Life’s a Blast!
*This story is posted with permission from Richard Hill.
The mission children in
also referred to as missionary kids or mk’s, attended the boarding school called
Mk’s were home schooled until the 5th grade when Newton Memorial School began. Newton Newton
offered classes for 5th – 10th grades, after which the mk’s
either went back to the states to finish high school or to another boarding
school in the northern Nigerian
city of ,
called Hillcrest. There are numerous stories from Jos and Hillcrest - most are good. Newton
This story is true. It happened to a fellow mk named Richard, but I remember it well. Richard’s family, like mine served in
the Biafran war. At that time, the night watchmen or “magardi” also had another job selling gunpowder. He sold to soldiers
and whoever else would buy gunpowder by day and kept watch over the sleeping mk’s
at the boarding school by night. Nigeria
Well, not all of the boys slept like they were supposed to at night. While the girl’s dorm stayed mostly quiet, many of the boys snuck out and roamed the campus. There wasn’t much to do at night but sneaking past the house parents was an adventure in itself. Richard was one of the worst offenders. Oh, there were others…some other names definitely come to mind (Kevin, are you reading this? Phil?...) But Richard in particular, was all over the place at night when he was supposed to be sleeping.
The magardi knew of Richard’s antics but kept the secret under one condition – Richard had to buy a small amount of gunpowder whenever he was caught. Mk”s had a little money given to them each week to purchase snacks at the school’s canteen. So, that was the deal: Richard bought the margardi’s silence by purchasing some of his wares, which just happened to be gunpowder!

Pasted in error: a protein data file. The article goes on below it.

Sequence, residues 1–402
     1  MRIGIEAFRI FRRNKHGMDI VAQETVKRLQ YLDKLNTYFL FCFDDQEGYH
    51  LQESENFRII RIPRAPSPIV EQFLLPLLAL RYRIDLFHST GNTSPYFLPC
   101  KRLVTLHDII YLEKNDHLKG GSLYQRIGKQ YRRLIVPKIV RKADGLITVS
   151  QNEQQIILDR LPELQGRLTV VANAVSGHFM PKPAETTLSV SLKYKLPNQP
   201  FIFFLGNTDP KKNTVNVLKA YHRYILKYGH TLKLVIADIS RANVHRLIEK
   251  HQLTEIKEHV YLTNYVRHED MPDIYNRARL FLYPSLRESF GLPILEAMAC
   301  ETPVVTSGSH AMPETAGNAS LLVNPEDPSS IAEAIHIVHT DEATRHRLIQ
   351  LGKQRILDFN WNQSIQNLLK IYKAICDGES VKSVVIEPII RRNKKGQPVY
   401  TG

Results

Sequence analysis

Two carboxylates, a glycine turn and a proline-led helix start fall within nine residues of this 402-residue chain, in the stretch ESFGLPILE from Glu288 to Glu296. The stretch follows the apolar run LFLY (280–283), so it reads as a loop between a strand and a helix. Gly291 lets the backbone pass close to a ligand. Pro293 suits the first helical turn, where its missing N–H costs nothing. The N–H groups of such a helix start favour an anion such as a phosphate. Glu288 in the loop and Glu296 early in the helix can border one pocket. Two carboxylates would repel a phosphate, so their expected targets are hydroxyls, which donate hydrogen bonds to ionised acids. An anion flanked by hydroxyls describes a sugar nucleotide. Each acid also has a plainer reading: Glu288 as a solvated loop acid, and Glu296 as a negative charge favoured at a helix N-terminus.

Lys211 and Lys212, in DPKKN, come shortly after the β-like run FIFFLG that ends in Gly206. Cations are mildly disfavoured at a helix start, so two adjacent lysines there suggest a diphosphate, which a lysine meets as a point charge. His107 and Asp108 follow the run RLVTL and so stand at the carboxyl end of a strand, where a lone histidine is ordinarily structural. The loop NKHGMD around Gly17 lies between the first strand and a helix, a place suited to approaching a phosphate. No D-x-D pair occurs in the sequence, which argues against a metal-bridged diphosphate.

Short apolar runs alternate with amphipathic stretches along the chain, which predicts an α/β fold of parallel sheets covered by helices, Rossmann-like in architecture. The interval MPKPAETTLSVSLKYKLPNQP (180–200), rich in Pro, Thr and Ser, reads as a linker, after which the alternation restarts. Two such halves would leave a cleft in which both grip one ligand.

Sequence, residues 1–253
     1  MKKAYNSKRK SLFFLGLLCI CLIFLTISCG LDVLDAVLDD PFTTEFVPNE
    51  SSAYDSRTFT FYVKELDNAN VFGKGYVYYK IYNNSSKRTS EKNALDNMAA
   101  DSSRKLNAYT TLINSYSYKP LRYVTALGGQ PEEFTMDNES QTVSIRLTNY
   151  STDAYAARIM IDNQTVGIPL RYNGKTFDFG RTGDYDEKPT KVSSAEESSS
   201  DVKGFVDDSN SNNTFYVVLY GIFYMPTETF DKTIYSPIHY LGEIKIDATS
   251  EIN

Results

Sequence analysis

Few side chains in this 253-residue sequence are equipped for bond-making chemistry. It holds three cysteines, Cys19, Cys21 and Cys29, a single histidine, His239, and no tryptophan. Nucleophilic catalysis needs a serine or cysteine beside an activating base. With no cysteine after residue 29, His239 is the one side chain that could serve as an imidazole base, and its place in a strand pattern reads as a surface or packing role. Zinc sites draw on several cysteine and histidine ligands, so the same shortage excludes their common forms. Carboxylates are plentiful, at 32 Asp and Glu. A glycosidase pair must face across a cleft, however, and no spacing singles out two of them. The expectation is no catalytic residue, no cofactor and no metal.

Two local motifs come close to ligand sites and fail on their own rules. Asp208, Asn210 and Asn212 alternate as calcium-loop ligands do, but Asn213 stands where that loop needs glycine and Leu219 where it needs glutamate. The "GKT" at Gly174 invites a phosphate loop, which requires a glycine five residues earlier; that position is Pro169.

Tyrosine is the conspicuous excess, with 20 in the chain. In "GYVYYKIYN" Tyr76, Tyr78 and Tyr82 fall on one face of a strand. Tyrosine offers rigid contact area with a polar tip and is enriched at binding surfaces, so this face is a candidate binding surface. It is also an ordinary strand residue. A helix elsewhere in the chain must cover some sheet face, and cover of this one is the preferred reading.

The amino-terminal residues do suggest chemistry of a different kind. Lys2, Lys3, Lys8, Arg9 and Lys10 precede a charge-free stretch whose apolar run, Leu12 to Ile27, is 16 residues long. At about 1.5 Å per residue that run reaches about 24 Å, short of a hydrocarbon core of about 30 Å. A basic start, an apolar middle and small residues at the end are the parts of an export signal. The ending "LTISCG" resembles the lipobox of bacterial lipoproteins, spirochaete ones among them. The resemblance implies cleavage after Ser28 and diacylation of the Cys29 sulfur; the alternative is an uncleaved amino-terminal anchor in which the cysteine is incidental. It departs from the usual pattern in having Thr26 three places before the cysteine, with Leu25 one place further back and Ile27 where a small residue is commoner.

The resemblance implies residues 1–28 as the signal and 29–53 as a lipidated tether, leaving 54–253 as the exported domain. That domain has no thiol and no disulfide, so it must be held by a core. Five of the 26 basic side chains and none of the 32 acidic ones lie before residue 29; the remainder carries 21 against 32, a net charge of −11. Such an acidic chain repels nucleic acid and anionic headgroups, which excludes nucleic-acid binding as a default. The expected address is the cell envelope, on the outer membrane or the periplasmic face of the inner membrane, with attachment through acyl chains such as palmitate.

Consequently, Richard had a growing supply of gunpowder in his room.
What was an 8th grader to do with gunpowder?? Richard stored it in a metal coffee tin he had gotten his hands on and played a little game with it. Every day during rest period when the mk’s were required to be in their rooms in order to keep them out of the tropical sun in the heat of the day, Richard would spill out a small teaspoon of gunpowder onto the concrete floor of his room. Then, sitting on his bed, he would light a match, and throw it on the gunpowder – a few feet away. The gunpowder would ignite and make a very small, controlled explosion on the floor. Richard and his roommate watched the gunpowder make a little puff as it was consumed and the smoke ascended, then dispersed, in the room until it was gone. Richard did this nearly everyday.
But one day…things went a little wrong. That day, when Richard threw the match onto the small amount of gunpowder in the middle of his floor, a spark flew back and landed in the metal coffee can. BOOM!! The tin, full of gunpowder, acted like a small bomb. The explosion shook the dormitory, rattling the louvered glass window on one side of the building. But the only casualties were Richard’s eyebrows and the hair off of his right arm.
For years, no one knew what caused the explosion. The school was thoroughly inspected by the missionaries and nothing was ever found.
Now that he’s an adult, Richard has confessed and everyone has had a good laugh out of an adventure we all knew about but to quote Paul Harvey, “Now we know the rest of the story!”